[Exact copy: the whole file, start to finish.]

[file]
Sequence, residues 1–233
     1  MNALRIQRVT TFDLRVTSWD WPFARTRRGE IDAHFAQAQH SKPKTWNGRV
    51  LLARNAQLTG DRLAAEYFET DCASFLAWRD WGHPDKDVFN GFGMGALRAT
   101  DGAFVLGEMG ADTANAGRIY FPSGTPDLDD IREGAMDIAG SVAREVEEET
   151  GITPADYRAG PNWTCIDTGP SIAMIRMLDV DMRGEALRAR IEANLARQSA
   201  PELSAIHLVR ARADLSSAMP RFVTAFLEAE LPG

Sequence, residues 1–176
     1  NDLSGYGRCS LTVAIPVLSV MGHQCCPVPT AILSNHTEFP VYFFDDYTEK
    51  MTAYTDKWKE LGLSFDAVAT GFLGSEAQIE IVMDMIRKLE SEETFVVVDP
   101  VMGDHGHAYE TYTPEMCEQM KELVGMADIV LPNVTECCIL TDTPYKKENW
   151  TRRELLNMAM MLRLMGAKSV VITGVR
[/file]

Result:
Sequence, residues 1–233
     1  MNALRIQRVT TFDLRVTSWD WPFARTRRGE IDAHFAQAQH SKPKTWNGRV
    51  LLARNAQLTG DRLAAEYFET DCASFLAWRD WGHPDKDVFN GFGMGALRAT
   101  DGAFVLGEMG ADTANAGRIY FPSGTPDLDD IREGAMDIAG SVAREVEEET
   151  GITPADYRAG PNWTCIDTGP SIAMIRMLDV DMRGEALRAR IEANLARQSA
   201  PELSAIHLVR ARADLSSAMP RFVTAFLEAE LPG

Sequence, residues 1–176
     1  NDLSGYGRCS LTVAIPVLSV MGHQCCPVPT AILSNHTEFP VYFFDDYTEK
    51  MTAYTDKWKE LGLSFDAVAT GFLGSEAQIE IVMDMIRKLE SEETFVVVDP
   101  VMGDHGHAYE TYTPEMCEQM KELVGMADIV LPNVTECCIL TDTPYKKENW
   151  TRRELLNMAM MLRLMGAKSV VITGVR